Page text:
How to Reduce Golf Impact Screen Bounceback (9 Practical Strategies)

Golf Impact Screen Bounceback is a frustrating problem in a golf simulator. Uncontrolled bounceback will make you so wary of getting hit by the ball after impact that it will detriment your swing. At its worst, you or a friend or family member could actually get injured by a ricocheting ball. We will show you how to avoid this problem in this article.

Golf Impact Screen Bounceback is when the ball bounces back off the impact screen back towards the golfer. This can be faster and more violent than you expect and it can be anything from frustrating to dangerous. Bounceback is caused by either the characteristics of the impact screen material or the way the screen is attached, or a combination of both. 

We examine both these features in this article and show you 9 practical strategies to reduce the bounceback on your impact screen.

Carl'S Place Premium Impact Screen

Carl's Place Premium Impact Screen

  1. High-Quality Images: Tightly woven, multilayer screen for a smoother, crisper image up to 4K.
  2. Durability: Designed to withstand direct impact from golf balls traveling up to 250 MPH.
  3. Custom and Standard Sizes: Available in various sizes to fit different room dimensions.
  4. Material Quality: Made of three layers of heavy-duty, tight-knit, impact-resistant polyester.
  5. Noise Reduction: Features a cushioned center layer to quiet noise from the golf ball hitting the screen.
  6. Versatile Finishing Styles: Options for edge finishing to suit installation needs.
  7. Compatibility: Can be attached to different frames, used with golf enclosures, or as part of a DIY golf simulator.

Carl’s Premium Golf Simulator Screen features a bright white surface with ultra-tight weaves, enhancing image detail and quality. There is a central cushioning layer that allows a reduction in light bleed, bounceback, and noise.

  • Excellent Image Quality: Realistic golf simulation experience.
  • High Durability: Suitable for intense use with high-speed impacts.
  • Customizable Size and Finish: Tailored to specific room sizes and design preferences.
  • Noise Reduction: Less noise disturbance during play.
  • Versatile Installation Options: Flexible setup or integration into existing setups.
  • Few - more expensive than budget screens, but this screen is worth it in my opinion
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1 How to Reduce Golf Impact Screen Bounceback (9 Practical Strategies)

What is golf impact screen bounceback?

Golf impact screen Bounceback is the ricochet of the ball off your impact screen or enclosure frame after a golf shot. The ball may fly backwards at speed and hit you or anyone else in your golf simulator room. 

Often the worst bounceback events happen when you actually hit part of your golf simulator enclosure, rather than the screen. 

Why is bounceback a bad thing?

Bounceback can be frustrating. It can lead to you getting nervous and not making a committed swing, worsening any ‘indoor swing’ you have.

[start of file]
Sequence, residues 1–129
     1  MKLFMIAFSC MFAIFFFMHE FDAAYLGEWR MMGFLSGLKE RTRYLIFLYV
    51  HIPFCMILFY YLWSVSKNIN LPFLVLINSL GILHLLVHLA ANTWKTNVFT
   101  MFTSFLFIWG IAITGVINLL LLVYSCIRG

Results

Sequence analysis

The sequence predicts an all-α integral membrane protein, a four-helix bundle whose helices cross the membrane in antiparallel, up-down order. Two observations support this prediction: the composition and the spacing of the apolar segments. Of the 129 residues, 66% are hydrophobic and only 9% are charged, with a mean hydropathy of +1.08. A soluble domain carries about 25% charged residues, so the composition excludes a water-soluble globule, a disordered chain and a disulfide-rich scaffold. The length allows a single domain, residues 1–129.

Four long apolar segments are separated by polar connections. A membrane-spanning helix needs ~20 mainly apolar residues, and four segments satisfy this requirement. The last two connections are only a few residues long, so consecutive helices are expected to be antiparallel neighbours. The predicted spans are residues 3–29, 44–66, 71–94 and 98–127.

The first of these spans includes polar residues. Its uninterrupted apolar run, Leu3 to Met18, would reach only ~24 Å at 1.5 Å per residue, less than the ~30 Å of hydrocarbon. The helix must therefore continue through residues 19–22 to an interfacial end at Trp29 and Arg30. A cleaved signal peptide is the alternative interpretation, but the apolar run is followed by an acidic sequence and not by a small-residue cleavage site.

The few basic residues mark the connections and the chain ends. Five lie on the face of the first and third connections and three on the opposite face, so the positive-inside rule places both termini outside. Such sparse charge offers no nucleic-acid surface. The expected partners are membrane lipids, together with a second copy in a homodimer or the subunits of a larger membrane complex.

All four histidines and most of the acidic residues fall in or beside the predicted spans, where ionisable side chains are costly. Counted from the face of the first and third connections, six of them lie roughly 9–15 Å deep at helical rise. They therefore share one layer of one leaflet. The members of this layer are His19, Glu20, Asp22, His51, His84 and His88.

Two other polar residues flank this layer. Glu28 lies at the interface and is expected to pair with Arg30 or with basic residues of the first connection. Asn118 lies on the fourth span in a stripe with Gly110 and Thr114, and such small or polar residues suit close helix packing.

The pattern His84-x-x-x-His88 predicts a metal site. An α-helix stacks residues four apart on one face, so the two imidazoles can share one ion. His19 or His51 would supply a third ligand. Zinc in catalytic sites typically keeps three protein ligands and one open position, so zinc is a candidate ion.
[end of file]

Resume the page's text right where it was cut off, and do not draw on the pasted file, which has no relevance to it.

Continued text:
Worse than this, bounceback can even be dangerous.

Impact Screen Bounceback

Golf balls ricocheting from the screen could hit you in the neck, in the eye or any other vulnerable body part. This could be made even worse with a rebounding ball firing straight off one of the metal conduit pipe that make up your enclosure. 

What’s even worse than sustaining an injury in your golf simulator? A guest or a child getting injured. 

Bounceback is rarely so severe that it does pose a risk of injury. It only takes one violent ricochet off an exposed piece of frame to demonstrate otherwise though. 

If anyone else apart from you is going to use your simulator, you should have home insurance with covers such as personal liability. If you chose to rent out your simulator to other people then you need other types of insurance and you should seek specialist advice. Just in case. 

Do shots with certain clubs cause bounceback more often?

You hit your driver hard. You hit your wedges high. 

Is there one club you’re more prone to shank?

The harder your golf ball hits your impact screen, the more it will deform, transfer it’s energy and recoil back at you. 

Higher shots are more likely to strike something at the top of your simulator. This can be part of the roof or part of your frame. We explain more about protecting your roof later in this post.

Which impact screens setups will have the most bounceback?

Golf simulator rooms with reduced length and reduced height

Short golf simulator rooms have less room for your golf ball to travel and dissipate its energy. The ball will hit the screen with a greater proportion of its initial kinetic energy. After the rebound, there is less distance for it to travel back at you, so it will do so at greater speed. 

Rooms with reduced height will have less margin for error when skying a drive or hitting a high wedge. This brings your ceiling and the upper portion of your enclosure into play.

Golf simulators that use a completely taut impact screen

When you plan your golf simulator, you need to make sure your enclosure and frame are an appropriate size for your intended impact screen. If your screen is too small compared to your frame, it can be easy to make it too taut when you attach it.